What is the Loudest Sound in the World?

What is the Loudest Sound in the World?

At Neighborhood Hearing Aid Center, this is an interesting question for us. With the understanding that noise-induced hearing loss is one of the most common forms, we thought we’d investigate!

Excessive Noise Can Cause Noise-Induced Hearing Loss

Hearing loss can happen to anyone of any age. 12.5% of children and teenagers 6-19 years old and 17% of adults 20-29 years old have permanent damage to their hearing.

One of the main proponents of loss of hearing is exposure to excessive noise. The noise doesn’t have to be prolonged; it can be as a result of a single loud blast or impulse. This noise-induced hearing loss is a result from structural damage to the nerve fibers and/or structures that respond to sound that reside in the inner ear. These structural damages cannot be surgically corrected.

Some of the loudest sounds in the world are:

  •  The Saturn V Rocket at 204 decibels.
  •  Sperm Whale echolocation at 174 decibels.
  • The Krakatoa Sound Wave which happened in 1883, at 172 decibels. This volcanic explosion was so loud that the sound broke people’s eardrums that were 40 miles away from the source.
  •  NASA’s acoustic testing chamber for satellites at 163 decibels.
  • A jackhammer at 100 decibels.

There is also a genetic component to some hearing loss. Most babies that have hearing loss as newborns have a genetic component to the hearing loss. There are also environmental factors in utero that can affect the infant’s development of hearing.

Protecting Your Hearing

The average person isn’t subjected to a jackhammer or a jet engine going off in close proximity without protection, but there are things that you can do in order to protect your hearing in your day to day life.

Preventing noise-induced hearing loss is important, as communication can be drastically affected by not being able to hear well; speech might come out incorrectly and the constant asking of someone to repeat themselves could wear on relationships if it happens frequently- exhausting everyone involved. In addition to communication issues, hearing loss could cause a ringing or pain in the ears (also known as tinnitus), and the inability to hear environmental noises or warning signals, putting you at risk of danger that you wouldn’t know about because your hearing is impaired.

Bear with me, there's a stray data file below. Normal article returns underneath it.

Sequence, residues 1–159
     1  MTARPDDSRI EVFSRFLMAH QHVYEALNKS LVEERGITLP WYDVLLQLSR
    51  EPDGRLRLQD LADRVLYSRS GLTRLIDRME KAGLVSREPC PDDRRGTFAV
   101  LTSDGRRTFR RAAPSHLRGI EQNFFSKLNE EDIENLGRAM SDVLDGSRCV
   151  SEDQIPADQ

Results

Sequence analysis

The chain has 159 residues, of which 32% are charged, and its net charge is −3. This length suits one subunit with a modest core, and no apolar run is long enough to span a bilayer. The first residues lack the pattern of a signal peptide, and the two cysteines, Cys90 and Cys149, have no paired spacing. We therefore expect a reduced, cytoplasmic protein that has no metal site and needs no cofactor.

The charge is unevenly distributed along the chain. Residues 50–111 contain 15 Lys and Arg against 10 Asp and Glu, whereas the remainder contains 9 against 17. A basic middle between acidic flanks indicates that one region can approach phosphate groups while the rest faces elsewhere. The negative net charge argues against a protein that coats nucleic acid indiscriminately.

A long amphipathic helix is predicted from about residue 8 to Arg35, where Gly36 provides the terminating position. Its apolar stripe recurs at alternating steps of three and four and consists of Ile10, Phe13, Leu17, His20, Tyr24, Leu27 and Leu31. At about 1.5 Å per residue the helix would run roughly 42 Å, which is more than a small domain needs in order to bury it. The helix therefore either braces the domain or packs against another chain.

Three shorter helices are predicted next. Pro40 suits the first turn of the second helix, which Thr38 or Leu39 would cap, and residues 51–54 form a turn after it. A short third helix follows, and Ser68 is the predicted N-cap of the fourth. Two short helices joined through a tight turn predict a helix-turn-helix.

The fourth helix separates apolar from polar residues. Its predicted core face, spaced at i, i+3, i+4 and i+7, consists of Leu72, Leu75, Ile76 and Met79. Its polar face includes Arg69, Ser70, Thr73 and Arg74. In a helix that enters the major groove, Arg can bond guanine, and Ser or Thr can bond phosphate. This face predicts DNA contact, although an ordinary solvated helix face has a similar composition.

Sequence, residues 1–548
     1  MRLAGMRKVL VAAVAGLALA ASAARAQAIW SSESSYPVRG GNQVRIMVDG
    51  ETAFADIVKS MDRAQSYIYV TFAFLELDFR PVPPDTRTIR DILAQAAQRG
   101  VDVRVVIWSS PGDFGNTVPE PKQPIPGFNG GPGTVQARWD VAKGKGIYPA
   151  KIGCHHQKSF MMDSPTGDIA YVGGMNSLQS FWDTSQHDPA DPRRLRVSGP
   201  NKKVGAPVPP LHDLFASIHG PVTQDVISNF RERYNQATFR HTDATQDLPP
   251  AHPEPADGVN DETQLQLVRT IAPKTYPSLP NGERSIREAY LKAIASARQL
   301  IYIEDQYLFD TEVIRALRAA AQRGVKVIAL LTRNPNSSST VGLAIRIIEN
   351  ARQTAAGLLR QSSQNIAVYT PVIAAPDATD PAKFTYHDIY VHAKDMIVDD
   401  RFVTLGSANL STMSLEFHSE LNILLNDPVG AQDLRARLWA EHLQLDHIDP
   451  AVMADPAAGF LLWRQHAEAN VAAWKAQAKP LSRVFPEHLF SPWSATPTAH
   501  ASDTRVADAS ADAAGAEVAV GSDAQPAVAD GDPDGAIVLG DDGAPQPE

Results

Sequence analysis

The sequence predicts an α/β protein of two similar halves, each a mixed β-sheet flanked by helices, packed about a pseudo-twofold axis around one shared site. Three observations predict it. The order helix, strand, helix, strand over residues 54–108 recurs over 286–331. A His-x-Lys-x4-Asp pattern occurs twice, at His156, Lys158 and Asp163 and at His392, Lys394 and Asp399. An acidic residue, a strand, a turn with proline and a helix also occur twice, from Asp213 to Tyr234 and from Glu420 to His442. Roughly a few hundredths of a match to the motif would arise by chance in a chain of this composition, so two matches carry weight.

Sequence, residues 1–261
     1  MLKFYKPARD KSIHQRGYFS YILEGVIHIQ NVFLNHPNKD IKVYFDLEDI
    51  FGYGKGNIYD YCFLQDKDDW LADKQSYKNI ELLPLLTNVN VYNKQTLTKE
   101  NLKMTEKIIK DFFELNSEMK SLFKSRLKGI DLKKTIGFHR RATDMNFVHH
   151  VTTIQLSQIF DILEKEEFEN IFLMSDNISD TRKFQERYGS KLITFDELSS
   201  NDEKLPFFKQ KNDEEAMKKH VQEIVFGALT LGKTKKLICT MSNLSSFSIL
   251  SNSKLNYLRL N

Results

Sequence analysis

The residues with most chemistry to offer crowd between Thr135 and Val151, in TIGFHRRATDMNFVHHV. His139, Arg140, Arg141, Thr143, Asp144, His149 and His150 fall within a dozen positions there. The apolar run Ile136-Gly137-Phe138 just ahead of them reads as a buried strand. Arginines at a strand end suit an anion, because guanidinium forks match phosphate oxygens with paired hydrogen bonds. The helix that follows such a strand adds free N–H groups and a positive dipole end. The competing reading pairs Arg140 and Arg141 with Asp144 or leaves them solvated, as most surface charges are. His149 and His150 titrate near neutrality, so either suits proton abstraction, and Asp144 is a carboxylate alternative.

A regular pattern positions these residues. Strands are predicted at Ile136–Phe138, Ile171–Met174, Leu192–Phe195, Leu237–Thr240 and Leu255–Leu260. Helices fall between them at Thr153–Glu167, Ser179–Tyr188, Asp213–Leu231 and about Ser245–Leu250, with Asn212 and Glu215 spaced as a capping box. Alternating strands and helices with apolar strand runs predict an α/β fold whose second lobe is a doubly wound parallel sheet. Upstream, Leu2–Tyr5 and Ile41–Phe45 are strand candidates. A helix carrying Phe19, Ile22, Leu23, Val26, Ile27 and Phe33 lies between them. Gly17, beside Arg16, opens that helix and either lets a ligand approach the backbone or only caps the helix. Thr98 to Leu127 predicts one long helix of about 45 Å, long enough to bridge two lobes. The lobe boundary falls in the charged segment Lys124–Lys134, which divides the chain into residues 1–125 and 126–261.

Ways to facilitate hearing loss prevention are as follows:

  • Turn down the volume on televisions and headphones. The average headphones turned up to their maximum volume are as loud as a jackhammer, at 100 decibels, and are very detrimental to a person’s hearing.
  • Identify the sources of noises that might harm your hearing, and stay away, if possible.
  • Use custom hearing protection in places where you can’t stay away in order to minimize or eliminate sound in loud areas. This would be ideal if you work in areas where there is loud noise constantly and is usually recommended by safety regulations and by OSHA as proper Personal Protective Equipment (PPE)
  • Seek hearing evaluations by professional audiologists if there is a risk of hearing loss.
  •  Take a sound break in order to let your hearing come back to its normal range, especially if you are at something like a concert where the loud sound is prolonged. This usually takes hours to days for your hearing to return to normal after such exposure.

Hearing loss prevention comes in many different styles of products. The devices work by partially or totally blocking the ear canal from receiving any of the vibrations that make our ears able to hear sounds.

Types of Hearing Protection


Otoplastics are custom hearing protection molded for the user. These products are able to decrease the volume in a given area to 80 decibels. They usually contain two parts; a filer and a hypoallergenic part that fits in the ear canal.

Universal Earplugs

Universal earplugs still allow you to hear some sounds. The sounds being let through a filter are much lower than what they would originally be without the earplugs.


Earmuffs cover the ear completely. These are usually good for children as well as people that don’t want anything in the ear canal, though they can cause headaches if they are improperly fitted.

Foam earplugs

Foam earplugs are usually the cheapest option, and come in yellow. they are moldable foam that is placed into the ear canal.

Wax Balls

Wax balls are also cheap and they completely seal the ear canal from receiving any sound whatsoever with moldable wax. They tend to be more expensive than foam earplugs.

Silicon Plugs

These are similar to the foam earplugs but are made from a less irritating material for extra comfort. Silica is usually hypoallergenic and can be worn by people that find the foam earplugs to be uncomfortable.

Neighborhood Hearing Aid Center

For custom hearing protection, contact us at Neighborhood Hearing Aid Center. We can do an in-depth analysis of your hearing and will be able to identify and suggest the items that would be right for you. We could also recommend some custom hearing protection for you. Contact us today to learn more!